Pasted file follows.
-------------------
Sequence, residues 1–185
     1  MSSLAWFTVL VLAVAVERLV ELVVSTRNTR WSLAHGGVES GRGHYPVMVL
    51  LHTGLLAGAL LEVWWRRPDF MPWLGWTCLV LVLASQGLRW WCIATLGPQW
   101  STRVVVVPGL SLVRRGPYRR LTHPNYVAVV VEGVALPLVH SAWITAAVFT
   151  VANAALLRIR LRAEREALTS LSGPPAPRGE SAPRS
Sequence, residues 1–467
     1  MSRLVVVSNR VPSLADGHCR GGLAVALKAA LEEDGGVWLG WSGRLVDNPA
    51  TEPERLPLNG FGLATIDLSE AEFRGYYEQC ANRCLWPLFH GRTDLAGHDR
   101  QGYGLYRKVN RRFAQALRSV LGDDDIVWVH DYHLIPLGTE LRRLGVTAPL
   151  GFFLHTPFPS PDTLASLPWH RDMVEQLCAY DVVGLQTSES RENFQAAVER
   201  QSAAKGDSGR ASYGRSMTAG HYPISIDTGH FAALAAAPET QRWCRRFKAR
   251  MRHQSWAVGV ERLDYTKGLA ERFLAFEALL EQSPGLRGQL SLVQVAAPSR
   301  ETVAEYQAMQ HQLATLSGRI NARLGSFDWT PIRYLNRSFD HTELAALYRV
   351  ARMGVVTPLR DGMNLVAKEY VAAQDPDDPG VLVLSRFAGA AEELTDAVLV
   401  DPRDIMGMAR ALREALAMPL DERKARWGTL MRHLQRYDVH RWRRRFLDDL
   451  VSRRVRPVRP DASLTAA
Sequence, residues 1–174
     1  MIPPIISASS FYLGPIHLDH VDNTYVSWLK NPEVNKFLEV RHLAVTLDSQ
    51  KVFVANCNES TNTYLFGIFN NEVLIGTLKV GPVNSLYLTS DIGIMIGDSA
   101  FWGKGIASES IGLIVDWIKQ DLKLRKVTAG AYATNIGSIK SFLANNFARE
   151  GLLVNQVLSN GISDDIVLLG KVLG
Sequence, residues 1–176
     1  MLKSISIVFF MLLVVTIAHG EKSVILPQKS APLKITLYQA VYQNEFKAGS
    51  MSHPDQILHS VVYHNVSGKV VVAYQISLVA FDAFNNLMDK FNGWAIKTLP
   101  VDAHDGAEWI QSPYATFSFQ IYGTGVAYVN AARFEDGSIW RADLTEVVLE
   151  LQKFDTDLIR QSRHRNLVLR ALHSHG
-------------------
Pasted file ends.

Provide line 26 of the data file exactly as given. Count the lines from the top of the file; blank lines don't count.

   151  LQKFDTDLIR QSRHRNLVLR ALHSHG